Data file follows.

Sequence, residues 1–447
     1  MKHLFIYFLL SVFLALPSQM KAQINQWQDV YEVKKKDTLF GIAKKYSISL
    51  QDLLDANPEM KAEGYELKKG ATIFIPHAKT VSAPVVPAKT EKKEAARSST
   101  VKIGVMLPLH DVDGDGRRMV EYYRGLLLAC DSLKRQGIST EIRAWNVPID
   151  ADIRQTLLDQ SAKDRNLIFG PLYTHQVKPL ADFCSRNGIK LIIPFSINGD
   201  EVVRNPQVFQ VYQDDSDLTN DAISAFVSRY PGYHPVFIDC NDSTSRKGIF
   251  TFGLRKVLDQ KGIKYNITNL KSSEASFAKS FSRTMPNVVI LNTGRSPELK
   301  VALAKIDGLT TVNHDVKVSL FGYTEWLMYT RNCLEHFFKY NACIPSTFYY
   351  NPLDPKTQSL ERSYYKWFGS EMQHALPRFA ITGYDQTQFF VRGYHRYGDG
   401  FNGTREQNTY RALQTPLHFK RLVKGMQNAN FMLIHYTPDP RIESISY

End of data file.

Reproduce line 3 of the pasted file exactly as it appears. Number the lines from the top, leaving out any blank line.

    51  QDLLDANPEM KAEGYELKKG ATIFIPHAKT VSAPVVPAKT EKKEAARSST